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Emily Howell Warner

Emily Howell Warner
Usage Conditions Apply
Unidentified Artist
Emily Howell Warner, 30 Oct 1939 - 3 July 2020
Gelatin silver print
Image: 17.8 × 22 cm (7 × 8 11/16")
Sheet: 18 × 22.3 cm (7 1/16 × 8 3/4")
Emily Howell Warner: Female
Emily Howell Warner: Science and Technology\Aviator\Airline pilot
Emily Howell Warner: Science and Technology\Aviator\Flight instructor
Credit Line
National Portrait Gallery, Smithsonian Institution; acquired through the generosity of David C. Ward
Restrictions & Rights
Usage conditions apply
Object number
Exhibition Label
Emily Howell Warner, the first woman hired as a permanent pilot by a U.S. scheduled commercial airline, helped open doors for women in an industry still heavily dominated by men.
Born Emily Joyce Hanrahan in Denver, Colorado, Warner aspired to become a flight attendant before she had ever set foot on an airplane. During her first flight, the pilot invited her to visit the cockpit, an experience that inspired her to pursue flying lessons instead. Within a year she earned her pilot license, and by age twenty-one she was a full-time flight instructor.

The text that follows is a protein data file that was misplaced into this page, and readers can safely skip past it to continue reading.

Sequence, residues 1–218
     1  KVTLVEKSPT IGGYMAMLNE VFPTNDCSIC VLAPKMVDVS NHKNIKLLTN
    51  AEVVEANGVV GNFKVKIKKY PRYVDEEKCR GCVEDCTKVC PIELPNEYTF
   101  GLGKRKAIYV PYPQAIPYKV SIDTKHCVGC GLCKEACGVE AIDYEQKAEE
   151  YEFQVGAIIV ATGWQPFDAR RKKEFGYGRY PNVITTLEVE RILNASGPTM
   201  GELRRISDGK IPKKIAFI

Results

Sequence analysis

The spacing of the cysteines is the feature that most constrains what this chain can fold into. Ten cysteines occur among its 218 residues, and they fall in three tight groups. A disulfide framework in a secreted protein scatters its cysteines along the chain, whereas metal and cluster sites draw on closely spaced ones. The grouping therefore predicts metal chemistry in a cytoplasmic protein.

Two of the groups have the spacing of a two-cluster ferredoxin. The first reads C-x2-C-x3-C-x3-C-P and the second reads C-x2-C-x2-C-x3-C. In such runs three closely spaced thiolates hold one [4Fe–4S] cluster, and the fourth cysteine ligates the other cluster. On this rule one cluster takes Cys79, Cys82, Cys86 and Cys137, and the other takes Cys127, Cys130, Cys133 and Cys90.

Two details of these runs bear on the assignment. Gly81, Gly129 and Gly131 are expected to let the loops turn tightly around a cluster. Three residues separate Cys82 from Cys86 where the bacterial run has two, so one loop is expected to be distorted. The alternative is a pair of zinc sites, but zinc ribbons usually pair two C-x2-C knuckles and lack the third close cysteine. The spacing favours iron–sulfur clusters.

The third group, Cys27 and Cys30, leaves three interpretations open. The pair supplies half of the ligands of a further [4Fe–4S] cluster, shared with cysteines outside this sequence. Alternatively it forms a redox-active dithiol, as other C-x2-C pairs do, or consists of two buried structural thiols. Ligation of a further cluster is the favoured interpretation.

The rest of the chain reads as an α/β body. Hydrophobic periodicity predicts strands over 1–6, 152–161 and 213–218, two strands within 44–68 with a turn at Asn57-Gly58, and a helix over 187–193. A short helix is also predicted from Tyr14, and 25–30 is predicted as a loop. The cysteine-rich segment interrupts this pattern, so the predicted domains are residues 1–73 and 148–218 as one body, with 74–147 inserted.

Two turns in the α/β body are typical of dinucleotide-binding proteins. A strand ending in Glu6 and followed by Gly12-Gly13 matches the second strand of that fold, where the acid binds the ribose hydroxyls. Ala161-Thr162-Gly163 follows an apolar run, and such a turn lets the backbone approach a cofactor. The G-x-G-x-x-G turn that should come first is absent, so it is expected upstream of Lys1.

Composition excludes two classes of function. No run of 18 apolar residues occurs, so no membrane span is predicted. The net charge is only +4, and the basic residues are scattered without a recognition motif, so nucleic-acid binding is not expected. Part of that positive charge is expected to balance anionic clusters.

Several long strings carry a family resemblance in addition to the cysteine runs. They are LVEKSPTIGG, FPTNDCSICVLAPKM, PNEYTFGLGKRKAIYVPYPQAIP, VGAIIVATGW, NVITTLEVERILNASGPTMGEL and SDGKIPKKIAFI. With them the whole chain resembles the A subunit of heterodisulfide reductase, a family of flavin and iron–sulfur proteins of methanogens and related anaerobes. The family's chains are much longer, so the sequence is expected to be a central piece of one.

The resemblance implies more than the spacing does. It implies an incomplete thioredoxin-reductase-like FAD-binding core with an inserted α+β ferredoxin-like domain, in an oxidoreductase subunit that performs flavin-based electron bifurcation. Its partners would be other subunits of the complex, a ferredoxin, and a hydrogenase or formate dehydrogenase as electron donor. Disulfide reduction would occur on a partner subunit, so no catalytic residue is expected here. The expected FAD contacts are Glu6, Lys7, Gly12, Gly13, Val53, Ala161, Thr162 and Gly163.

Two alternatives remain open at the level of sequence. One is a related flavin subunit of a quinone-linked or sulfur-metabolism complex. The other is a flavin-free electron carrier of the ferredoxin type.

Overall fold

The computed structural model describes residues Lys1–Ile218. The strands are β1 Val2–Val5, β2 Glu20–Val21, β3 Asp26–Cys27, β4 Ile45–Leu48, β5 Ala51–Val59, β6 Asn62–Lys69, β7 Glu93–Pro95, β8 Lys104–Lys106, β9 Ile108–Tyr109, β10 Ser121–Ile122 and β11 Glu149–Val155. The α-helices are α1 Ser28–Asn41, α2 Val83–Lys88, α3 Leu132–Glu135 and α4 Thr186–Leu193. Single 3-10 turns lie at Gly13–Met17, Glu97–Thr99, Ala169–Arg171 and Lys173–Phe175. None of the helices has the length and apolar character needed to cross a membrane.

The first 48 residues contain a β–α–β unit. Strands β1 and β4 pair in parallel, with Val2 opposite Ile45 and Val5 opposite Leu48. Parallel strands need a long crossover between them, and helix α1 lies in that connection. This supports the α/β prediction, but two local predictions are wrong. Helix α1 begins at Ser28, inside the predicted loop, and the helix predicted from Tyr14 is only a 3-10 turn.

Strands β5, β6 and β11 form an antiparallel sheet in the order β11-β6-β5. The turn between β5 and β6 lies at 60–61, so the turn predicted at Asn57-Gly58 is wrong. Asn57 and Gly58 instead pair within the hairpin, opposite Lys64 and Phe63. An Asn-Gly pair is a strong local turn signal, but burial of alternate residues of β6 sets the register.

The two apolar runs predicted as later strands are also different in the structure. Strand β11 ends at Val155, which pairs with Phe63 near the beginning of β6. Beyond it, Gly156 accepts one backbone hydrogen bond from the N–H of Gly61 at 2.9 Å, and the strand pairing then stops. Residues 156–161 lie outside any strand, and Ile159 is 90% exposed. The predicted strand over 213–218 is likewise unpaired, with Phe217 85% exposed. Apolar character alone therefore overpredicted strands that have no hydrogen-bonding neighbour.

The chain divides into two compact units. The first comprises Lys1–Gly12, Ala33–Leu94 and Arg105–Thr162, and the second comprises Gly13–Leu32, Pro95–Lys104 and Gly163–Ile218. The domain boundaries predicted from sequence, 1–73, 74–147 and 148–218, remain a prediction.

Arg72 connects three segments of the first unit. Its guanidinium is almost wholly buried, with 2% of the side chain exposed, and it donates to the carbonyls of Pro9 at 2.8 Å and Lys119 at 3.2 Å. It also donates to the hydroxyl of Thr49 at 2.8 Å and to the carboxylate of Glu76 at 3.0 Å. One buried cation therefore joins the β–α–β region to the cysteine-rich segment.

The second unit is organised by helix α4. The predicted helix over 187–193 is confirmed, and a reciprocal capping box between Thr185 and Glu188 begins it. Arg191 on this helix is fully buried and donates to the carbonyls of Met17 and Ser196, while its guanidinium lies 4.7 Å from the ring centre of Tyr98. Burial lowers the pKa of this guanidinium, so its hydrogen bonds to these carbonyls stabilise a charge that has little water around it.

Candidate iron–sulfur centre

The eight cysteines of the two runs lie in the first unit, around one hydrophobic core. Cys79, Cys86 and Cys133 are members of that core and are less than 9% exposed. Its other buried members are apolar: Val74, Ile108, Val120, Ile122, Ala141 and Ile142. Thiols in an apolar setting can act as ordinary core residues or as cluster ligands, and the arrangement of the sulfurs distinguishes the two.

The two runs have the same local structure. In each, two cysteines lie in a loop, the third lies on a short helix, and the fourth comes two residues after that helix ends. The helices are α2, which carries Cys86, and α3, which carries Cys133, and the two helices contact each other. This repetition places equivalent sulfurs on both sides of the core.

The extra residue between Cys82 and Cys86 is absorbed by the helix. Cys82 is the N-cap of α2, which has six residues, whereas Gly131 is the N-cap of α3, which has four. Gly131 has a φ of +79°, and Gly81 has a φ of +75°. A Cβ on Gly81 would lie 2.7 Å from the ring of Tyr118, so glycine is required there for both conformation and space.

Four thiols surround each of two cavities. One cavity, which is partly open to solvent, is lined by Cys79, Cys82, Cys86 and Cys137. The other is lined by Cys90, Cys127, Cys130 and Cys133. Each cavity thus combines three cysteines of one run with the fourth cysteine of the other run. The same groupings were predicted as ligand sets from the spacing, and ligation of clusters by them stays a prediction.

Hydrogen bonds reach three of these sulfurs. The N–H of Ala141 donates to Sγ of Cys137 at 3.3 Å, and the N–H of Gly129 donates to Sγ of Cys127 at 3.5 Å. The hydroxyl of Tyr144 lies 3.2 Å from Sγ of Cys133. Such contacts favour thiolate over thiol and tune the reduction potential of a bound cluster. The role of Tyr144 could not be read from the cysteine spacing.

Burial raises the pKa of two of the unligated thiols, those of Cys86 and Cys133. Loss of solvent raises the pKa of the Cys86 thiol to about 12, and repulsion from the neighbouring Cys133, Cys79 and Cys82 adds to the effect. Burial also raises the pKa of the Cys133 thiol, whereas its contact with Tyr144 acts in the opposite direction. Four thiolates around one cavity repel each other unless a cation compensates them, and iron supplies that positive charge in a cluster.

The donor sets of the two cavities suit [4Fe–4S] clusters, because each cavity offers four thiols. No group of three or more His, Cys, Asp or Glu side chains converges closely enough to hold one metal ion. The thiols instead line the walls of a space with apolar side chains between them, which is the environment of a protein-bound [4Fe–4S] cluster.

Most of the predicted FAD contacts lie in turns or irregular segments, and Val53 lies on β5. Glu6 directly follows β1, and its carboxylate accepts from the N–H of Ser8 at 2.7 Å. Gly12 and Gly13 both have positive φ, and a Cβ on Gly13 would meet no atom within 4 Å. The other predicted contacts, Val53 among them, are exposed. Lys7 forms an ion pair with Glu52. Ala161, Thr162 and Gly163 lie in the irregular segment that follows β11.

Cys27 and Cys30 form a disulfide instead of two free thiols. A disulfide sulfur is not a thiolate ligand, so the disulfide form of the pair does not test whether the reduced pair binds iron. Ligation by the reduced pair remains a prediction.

Warner continued to climb the ranks and began seeking pilot positions with commercial airlines in the late 1960s. Even though she was well qualified, having logged more than four times the minimum number of flight hours required to apply, Warner faced repeated rejection until Frontier Airlines offered her a job as second officer in 1973. This portrait, taken that year by an unknown photographer, shows Warner standing in front of an airplane and gazing into the distance with a bright smile that suggests the pilot’s confidence and optimism.
Warner achieved many more “firsts” in aviation history over the course of her long career, becoming the first woman promoted to captain by a major US airline (1976) and the first commander of an all-women commercial flight crew (1986), among other accomplishments. Toward the end of her life she observed of her unwavering love of flying, “You don’t lose that—looking out and seeing that world in a different way.”
Data Source
National Portrait Gallery